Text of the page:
New things coming up at work: America’s infrastructure is aging and failing faster than we can replace it and the costs of expanding and maintaining it are growing faster than the revenue streams devoted to fund them. I’ll be spending my time and effort at work helping create technological efficiencies in local government so we can make the most of the dollars we have to preserve the critical road system in my county.
New things coming up with your band: Songs! The process of writing and creating songs is underway. We’re looking forward to many firsts including recording and playing live shows.
How do you fit in touring with your day job?
Being new to drumming and being in a band, touring isn’t yet a problem I have to worry about. I can’t wait to have those kinds of problems.
How do people at work react when they find out you are a drummer?
Most people want to know what kind of music I play. When I tell them I like the really, really heavy stuff, they look at me with that same look of confusion and disbelief as those outside of work do when I tell them I’m an engineer.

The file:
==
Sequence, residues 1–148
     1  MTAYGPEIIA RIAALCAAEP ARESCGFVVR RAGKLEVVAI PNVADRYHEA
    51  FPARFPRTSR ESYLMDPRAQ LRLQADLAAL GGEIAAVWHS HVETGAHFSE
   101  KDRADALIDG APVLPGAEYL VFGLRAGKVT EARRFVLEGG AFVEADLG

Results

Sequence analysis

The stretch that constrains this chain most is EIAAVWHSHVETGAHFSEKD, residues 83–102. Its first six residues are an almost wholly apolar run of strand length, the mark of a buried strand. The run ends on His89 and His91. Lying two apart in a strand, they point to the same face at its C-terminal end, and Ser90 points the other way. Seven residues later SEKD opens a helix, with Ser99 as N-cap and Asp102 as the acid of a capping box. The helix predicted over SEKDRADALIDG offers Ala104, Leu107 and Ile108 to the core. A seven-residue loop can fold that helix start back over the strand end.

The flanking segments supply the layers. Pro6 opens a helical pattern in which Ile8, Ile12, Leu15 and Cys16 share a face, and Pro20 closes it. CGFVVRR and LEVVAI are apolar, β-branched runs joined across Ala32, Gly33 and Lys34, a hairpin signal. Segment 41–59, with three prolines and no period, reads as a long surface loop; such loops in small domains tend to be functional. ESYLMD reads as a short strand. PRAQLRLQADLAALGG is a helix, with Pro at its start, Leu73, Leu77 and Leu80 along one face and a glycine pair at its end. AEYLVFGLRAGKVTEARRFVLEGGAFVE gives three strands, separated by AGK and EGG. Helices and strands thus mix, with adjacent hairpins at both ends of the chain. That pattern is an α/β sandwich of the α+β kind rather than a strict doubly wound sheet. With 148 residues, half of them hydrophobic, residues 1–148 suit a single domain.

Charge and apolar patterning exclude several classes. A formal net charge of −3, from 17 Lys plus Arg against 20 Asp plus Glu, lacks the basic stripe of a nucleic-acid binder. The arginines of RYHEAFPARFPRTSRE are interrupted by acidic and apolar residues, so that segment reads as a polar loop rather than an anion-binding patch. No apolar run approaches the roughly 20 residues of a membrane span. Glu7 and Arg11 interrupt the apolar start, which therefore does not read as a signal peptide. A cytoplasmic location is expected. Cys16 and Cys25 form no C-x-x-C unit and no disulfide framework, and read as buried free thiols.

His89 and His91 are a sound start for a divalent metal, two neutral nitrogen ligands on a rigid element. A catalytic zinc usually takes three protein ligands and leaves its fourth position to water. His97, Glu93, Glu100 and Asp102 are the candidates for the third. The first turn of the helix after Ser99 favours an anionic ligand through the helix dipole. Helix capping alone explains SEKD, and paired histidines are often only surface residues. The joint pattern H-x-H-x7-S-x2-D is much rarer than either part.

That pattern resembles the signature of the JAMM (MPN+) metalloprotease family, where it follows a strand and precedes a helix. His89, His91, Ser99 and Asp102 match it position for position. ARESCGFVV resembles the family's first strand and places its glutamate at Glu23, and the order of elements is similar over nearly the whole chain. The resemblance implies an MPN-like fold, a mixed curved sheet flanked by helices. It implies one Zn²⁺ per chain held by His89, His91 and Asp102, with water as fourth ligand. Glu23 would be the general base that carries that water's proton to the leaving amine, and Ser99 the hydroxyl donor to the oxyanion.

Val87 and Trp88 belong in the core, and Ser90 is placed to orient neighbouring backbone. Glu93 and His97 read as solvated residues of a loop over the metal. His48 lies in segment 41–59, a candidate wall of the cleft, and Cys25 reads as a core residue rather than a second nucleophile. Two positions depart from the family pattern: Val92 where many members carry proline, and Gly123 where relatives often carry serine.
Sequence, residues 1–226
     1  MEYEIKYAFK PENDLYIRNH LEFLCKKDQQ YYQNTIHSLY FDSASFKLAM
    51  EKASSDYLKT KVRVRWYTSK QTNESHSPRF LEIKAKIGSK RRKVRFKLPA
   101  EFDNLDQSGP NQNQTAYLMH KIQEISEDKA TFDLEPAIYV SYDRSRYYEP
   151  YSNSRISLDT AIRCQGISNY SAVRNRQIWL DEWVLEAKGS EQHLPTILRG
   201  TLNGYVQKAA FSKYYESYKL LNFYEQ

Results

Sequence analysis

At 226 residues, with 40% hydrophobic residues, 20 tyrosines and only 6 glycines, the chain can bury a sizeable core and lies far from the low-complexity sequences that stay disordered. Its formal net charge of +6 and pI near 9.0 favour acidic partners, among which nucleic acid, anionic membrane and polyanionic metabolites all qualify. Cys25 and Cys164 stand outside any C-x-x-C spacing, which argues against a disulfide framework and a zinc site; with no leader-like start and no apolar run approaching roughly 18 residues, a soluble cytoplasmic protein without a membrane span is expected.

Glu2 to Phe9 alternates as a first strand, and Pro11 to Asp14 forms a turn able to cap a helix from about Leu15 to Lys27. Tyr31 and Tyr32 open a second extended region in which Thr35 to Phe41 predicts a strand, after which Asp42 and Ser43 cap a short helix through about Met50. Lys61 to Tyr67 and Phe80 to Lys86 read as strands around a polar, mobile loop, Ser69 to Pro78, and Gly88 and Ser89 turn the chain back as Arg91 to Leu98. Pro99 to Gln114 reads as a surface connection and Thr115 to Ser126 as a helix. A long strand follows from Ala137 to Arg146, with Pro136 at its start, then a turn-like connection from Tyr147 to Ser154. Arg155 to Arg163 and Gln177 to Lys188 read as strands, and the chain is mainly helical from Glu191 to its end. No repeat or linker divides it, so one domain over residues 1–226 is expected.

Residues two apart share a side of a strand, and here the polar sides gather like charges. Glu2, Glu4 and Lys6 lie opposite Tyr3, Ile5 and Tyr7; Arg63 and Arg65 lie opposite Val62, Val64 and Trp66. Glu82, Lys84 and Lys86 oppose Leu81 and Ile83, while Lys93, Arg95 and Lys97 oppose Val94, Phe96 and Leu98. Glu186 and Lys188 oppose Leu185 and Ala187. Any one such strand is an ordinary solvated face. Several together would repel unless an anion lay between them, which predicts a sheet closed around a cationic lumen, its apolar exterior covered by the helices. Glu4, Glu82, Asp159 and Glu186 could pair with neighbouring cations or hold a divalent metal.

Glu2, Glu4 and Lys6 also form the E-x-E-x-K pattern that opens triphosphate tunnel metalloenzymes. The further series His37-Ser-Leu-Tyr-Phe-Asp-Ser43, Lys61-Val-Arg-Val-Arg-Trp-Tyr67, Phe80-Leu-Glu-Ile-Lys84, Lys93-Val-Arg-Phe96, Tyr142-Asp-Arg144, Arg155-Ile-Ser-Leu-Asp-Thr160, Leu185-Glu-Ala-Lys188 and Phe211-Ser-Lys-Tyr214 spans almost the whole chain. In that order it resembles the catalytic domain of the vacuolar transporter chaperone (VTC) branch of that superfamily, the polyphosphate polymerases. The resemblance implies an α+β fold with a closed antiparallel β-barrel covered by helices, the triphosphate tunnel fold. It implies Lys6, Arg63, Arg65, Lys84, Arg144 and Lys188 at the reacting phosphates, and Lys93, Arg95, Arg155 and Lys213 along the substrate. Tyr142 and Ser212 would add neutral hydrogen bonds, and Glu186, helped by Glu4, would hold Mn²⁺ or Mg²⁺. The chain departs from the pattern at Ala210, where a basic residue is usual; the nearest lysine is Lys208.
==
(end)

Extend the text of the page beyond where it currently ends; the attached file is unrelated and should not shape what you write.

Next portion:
How does being a drummer affect your job?
Drummers are leaders–they set the tempo of the music and they help guide their bandmates through a song’s structure. These same leadership skills transfer into my work life when I am called on to lead project teams on construction projects.
Do your band mates know what you do for a living?
Absolutely and they are incredibly supportive.
Have you ever felt like you had to choose between your job and being a drummer?
I very much enjoy my career and don’t feel like I would ever have to choose between them. My job affords me the luxury of getting to play drums. The worst clash comes with late night shows—being out until 1 a.m. when I have to be up at 6 a.m. for work isn’t always the easiest thing.
How did you reconcile that if so?
Naps. Seriously. I catch those zzz’s whenever and wherever I can.
Do you ever hide that you are a drummer or your profession?
I’ve never felt the need to hide either. I’m extremely proud to work and play in traditionally male dominated fields.
How is your job similar to drumming or how do the two complement each other?
Engineering and drumming have a lot more in common than one would think. They both have a need for establishing a basic solid foundation upon which creativity and imagination can be built in endless combinations, resulting in the construction of something completely new and wonderful.
How do you get into the frame of mind of work or drums if you are in the opposite one?
Drums are a welcome escape from work and way to get the stress of the day out of my system. Even if I’m wiped out after a long day at work, I find when I force myself to get behind the kit and bang around I always end up feeling better and fully inspired to do it all over again the next day.